Sen. Jeff Flake: ‘We Don’t Need a Sealed Border, We Need a Secure Border’

April 1, 2013 - 10:31 AM

mexico border

U.S.-Mexico border. (AP Photo.)

(CNSNews.com) – Sen. Jeff Flake (R- Ariz.), one of eight senators who supports a “pathway” to legalization for border-jumpers, says the U.S. needs a secure border – but not one that is “sealed.”

Flake, appearing Sunday on NBC’s “Meet the Press,” was asked to explain what “operational control” of the border means in layman’s terms:

“I was in both the Yuma sector last week and the Tucson sector and there is a difference,” Flake said. “In the Yuma sector, people still get through, but our Border Patrol and other agents have a reasonable expectation of catching them. That’s probably the best explanation of what operational control means.

“You’ll never stop everyone from coming through, and you have a lot of commerce, legal commerce, that happens at the border as well,” Flake said. “So when people talk about having a sealed border, we don’t need a sealed border. We need a secure border. That’s what we have in Yuma, we’re just quite a ways from that in the Tucson sector.”

Flake agreed that gaining operational control of the border would trigger a pathway to citizenship for illegal aliens, under a plan advanced by the bipartisan “gang of eight,” which includes Flake as well as Republican Sens. John McCain of Arizona, Lindsey Graham of South Carolina, Marco Rubio of Florida, and Democrat Sens. Charles Schumer of New York, Richard Durbin of Illinois, Robert Menendez of New Jersey and Michael Bennett of Colorado.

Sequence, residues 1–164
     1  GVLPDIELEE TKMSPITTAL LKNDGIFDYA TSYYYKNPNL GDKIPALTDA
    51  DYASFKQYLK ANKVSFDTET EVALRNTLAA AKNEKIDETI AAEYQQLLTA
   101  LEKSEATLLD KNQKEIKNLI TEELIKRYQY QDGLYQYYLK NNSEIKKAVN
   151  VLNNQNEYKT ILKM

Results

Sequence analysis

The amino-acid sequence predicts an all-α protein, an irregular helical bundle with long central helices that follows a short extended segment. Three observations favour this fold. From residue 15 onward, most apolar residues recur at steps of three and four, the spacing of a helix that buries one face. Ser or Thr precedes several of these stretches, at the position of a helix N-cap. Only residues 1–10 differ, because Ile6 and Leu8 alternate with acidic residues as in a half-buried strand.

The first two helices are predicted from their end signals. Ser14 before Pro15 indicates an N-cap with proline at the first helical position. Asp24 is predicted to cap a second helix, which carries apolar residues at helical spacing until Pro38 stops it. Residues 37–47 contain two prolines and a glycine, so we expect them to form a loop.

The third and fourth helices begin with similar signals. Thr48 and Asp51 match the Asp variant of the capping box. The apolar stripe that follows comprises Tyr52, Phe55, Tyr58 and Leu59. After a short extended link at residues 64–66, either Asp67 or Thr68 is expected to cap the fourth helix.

Flake said the Homeland Security Department must first do a better job of measuring border security.

He noted that in one recent report, DHS used “increased apprehensions” as an indicator of improved border security, and in another part of the same report, DHS used “decreased apprehensions” to demonstrate the same thing.

“So we’ve had trouble getting a good metrics out of the Department of Homeland Security. We’re going to have to have that before we move further.”

The gang of eight supports an immigration reform plan that they say would combine tougher enforcement at the border with providing legal status if certain requirements are met for the 11 million illegal aliens who are already in the United States. Supporters call this a “pathway to citizenship,” but opponents call it “amnesty.”

Republican members of the gang of eight want to move cautiously, and have called for triggers on border security before moving forward with a pathway to citizenship.